John Key's Government yesterday sustained its most significant casualty to date with the loss of senior Cabinet minister Nick Smith who resigned over his interference in an ACC claim by his friend and National Party activist Bronwyn Pullar.
A 21-year veteran of Parliament, Local Government, Environment and Climate Change Minister Dr Smith announced his resignation in an emotional statement to the House.
Commenting later on the events that led to his resignation, Dr Smith did little to dispel speculation that his relationship with Ms Pullar was more than platonic.
He said the Herald's revelations this week - that as ACC Minister last year he had written Ms Pullar a reference - had brought him to the brink of stepping down on Tuesday.
But early yesterday he'd reviewed all of his correspondence relating to Ms Pullar, who suffered injuries in a 2002 cycling accident. That review had uncovered three additional letters, and though he was satisfied he had managed any conflict of interest in two of those, he said he had failed to declare his conflict of interest in the third.
"It was that letter, in which having not erred once but erred twice, that has brought about my resignation."
In the March 2010 letter to National's Maungakiekie MP Peseta Sam Lotu-liga, who was advocating on behalf of Ms Pullar, Dr Smith noted that former Associate ACC Minister Pansy Wong and Auckland Central MP Nikki Kaye had declared their conflict of interest with regards to Ms Pullar.
However, Dr Smith did not.
"Bells should have rung. I honestly can't recall why I signed that letter out."
Ms Pullar is the woman at the centre of a huge privacy scandal at ACC. Last year she was accidentally sent information on about 6700 other ACC claimants, including data which identified some as making "sensitive claims" for injuries resulting from rape or other forms of sexual assault.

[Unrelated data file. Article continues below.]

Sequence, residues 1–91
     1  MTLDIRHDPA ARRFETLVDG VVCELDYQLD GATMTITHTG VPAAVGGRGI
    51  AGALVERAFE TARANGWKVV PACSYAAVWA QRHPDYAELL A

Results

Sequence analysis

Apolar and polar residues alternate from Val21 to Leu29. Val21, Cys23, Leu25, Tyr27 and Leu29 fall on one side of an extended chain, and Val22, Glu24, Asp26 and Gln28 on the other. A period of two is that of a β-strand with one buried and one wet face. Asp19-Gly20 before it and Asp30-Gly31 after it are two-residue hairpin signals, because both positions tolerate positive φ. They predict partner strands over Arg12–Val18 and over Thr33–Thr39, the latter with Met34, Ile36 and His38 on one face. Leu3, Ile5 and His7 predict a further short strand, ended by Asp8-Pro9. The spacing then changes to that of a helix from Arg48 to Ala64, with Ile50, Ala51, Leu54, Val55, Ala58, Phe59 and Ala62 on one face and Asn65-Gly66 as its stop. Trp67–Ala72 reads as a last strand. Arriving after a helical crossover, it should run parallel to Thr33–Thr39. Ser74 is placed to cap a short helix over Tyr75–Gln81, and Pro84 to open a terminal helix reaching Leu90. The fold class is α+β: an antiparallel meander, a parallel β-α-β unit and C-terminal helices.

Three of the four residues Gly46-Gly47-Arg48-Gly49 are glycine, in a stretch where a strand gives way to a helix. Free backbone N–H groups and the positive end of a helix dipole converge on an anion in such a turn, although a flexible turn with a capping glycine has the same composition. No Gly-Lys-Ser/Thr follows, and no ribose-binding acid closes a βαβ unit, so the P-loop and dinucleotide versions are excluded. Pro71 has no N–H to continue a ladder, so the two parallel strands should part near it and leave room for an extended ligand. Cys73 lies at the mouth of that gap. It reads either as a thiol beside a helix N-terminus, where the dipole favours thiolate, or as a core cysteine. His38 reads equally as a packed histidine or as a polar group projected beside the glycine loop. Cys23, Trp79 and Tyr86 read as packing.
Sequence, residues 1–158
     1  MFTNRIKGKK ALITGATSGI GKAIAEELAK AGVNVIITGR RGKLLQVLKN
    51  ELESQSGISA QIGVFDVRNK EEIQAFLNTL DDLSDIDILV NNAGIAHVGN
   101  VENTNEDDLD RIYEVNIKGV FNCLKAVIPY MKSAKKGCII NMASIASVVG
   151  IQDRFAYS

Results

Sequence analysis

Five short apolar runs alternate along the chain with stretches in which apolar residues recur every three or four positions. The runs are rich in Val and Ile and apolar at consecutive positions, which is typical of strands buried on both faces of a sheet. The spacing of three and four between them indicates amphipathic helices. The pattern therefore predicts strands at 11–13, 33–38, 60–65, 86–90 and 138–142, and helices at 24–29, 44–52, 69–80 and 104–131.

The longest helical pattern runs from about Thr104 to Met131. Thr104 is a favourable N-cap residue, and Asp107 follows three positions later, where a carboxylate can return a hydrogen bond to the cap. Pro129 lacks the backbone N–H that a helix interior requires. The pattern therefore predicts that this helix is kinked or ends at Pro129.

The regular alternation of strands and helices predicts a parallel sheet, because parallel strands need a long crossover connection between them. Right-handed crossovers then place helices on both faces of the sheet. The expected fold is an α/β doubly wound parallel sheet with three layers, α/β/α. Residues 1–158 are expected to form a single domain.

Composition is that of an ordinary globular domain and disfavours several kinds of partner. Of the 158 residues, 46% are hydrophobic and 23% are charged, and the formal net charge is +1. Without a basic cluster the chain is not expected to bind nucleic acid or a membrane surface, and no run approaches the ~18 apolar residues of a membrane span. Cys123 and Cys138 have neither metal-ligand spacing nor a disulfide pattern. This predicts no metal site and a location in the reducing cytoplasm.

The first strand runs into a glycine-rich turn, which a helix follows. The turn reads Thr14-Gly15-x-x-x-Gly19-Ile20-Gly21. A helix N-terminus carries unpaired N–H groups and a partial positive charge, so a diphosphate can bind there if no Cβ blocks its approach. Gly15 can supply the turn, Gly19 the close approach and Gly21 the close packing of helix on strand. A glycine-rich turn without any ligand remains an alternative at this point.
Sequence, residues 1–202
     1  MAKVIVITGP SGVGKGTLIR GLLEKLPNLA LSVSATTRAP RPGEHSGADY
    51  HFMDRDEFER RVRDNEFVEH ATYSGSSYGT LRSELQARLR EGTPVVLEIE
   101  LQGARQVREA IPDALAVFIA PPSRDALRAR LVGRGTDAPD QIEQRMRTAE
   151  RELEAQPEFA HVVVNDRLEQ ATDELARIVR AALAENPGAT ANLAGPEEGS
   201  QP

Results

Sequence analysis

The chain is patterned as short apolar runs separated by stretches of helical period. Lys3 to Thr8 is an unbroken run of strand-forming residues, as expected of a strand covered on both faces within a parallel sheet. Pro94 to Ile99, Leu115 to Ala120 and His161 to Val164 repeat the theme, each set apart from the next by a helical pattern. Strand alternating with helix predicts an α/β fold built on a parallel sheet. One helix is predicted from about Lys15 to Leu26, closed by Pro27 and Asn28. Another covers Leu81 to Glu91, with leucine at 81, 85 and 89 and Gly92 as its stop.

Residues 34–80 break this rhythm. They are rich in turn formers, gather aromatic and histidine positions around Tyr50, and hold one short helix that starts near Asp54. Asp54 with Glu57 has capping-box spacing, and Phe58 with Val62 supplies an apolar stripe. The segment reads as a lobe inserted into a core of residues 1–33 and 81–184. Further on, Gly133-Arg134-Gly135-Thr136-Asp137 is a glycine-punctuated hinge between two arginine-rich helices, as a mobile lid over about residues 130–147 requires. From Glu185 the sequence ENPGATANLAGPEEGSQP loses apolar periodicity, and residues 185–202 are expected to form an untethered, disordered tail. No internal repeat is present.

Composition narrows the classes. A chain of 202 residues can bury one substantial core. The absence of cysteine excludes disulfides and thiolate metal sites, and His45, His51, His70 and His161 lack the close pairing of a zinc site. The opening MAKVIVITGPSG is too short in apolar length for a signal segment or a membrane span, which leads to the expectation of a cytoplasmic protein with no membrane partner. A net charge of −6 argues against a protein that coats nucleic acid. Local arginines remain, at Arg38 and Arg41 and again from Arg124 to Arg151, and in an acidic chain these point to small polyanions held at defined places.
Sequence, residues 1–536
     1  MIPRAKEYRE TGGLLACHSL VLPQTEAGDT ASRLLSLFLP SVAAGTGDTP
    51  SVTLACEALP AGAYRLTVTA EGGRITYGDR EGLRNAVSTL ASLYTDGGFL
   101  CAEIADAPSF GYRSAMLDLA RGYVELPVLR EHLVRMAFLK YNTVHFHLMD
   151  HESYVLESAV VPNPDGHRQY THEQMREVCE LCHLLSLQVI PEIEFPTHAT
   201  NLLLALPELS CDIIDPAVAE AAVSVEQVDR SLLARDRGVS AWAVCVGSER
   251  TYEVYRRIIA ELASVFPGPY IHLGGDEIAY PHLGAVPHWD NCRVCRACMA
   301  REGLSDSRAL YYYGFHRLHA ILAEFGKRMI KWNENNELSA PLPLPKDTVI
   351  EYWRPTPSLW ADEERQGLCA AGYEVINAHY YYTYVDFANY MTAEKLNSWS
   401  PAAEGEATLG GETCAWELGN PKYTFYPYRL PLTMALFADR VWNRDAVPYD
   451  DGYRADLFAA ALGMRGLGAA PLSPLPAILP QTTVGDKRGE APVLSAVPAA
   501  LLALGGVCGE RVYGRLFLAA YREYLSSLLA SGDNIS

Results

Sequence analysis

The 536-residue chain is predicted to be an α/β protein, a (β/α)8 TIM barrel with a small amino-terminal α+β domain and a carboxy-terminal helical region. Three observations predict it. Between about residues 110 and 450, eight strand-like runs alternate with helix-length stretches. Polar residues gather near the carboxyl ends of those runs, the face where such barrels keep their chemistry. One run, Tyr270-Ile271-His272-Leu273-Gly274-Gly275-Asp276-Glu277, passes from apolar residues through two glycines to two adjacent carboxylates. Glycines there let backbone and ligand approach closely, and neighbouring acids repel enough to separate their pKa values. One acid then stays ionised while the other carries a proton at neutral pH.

Her alleged attempt to trade the information for benefits at a meeting late last year with ACC - where she was supported by former National Party president Michelle Boag - is the subject of a police investigation.
She began pressuring Dr Smith to help her with her claim when he became ACC Minister in 2008.
However, Dr Smith yesterday denied that he had bowed to that pressure in writing the reference, and did not believe Ms Pullar had gained anything from ACC as a result of his actions.
Prime Minister John Key said he was disappointed with Dr Smith for writing the reference, which was "pretty close to the line", but that was offset by his long and distinguished service. The second letter, however, made his position untenable. "Maybe one error would have been okay, but two errors is one too many."
Labour leader David Shearer said the second letter was a convenient excuse for Mr Key to force Dr Smith out. "I think he's using it as a smokescreen. He had enough information and enough cause to sack Nick Smith yesterday but he failed to do so. This is not living up to his high standards."
But though Dr Smith didn't think the second letter was "particularly damaging" it has pointed to earlier and potentially more significant interference in Ms Pullar's case than his reference. In the letter, Dr Smith says he had asked ACC for information relating to Ms Pullar's case
The Herald has asked for a copy of that request, which would have alerted ACC staff to Dr Smith's interest in the case, but had not received it last night.
Mr Key said he'd had a brief discussion with Dr Smith about his friendship with Ms Pullar.
"I don't need to know the details of that friendship. You either have a conflict of interest or you don't, and he clearly did ... and the nature of the relationship is not really material."
It was possible Dr Smith would be reinstated as a minister within the current term, Mr Key said.
Ms Boag would not comment other than to say it was a sad day for Dr Smith and the National Party.
Dr Smith's Local Government, Climate Change and Environment portfolios are to be handled by Gerry Brownlee, Craig Foss and Chris Finlayson respectively until formal appointments are made.